Feature Article

Assessing and managing benign prostatic hyperplasia

Feature Article

Assessing and managing benign prostatic hyperplasia

Petr Macek, Dinesh Patel, Phillip D Stricker AO

Abstract

The prevalence of benign prostatic hyperplasia is increasing, and, although rarely life threatening, this condition can have a significant impact on a patient’s quality of life and morbidity.

Key Points

  • The aetiology of benign prostatic hypertrophy (BPH) is not yet known, but heredity, increasing age and the presence of testosterone appear to play a part.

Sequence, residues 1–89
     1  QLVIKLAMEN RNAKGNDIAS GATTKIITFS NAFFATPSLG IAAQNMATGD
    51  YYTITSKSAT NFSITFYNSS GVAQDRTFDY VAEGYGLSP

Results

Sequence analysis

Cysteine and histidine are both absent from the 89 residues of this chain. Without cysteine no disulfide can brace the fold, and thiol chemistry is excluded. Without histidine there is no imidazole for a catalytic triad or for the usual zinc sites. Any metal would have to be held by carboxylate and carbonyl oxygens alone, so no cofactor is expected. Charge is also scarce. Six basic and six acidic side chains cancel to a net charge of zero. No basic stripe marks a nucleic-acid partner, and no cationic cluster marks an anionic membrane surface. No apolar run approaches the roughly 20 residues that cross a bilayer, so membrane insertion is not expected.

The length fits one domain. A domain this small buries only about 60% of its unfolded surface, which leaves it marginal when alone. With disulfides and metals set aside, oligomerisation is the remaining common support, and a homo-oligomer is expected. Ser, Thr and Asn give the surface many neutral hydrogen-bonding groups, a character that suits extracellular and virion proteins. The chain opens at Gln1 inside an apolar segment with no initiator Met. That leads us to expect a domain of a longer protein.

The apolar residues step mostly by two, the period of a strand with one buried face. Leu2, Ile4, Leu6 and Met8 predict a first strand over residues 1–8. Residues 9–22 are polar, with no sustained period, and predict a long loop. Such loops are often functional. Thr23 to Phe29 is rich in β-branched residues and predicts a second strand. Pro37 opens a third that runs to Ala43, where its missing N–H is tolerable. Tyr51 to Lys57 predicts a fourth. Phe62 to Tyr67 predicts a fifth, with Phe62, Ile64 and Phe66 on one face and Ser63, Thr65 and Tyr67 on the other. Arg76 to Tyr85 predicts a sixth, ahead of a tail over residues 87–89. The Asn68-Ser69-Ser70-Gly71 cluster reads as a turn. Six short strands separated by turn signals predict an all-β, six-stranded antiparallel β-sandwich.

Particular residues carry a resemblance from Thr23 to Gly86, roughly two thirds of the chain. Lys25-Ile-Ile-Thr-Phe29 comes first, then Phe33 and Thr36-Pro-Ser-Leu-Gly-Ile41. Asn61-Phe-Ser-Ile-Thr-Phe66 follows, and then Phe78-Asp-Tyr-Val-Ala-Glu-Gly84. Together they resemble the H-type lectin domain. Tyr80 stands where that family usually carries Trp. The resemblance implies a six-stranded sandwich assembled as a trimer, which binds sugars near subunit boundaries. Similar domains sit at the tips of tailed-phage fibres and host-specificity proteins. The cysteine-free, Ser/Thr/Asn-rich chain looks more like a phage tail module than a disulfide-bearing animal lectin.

• Most patients with BPH present with a mixture of lower urinary tract symptoms.
  • The most useful initial investigation for patients with BPH is an ultrasound of the urinary tract, with determination of postvoid residual bladder volume.
  • Observation is appropriate for patients with mild to moderate symptoms but no complications related to the BPH.
  • Patients with mild to moderate symptoms that significantly impact on their quality of life are candidates for medical therapy, usually with an alpha blocker or finasteride.
  • Surgical treatment is reserved for patients with more severe symptoms or who fail initial medical therapy; transurethral resection of the prostate is considered the gold standard of treatment of symptomatic BPH.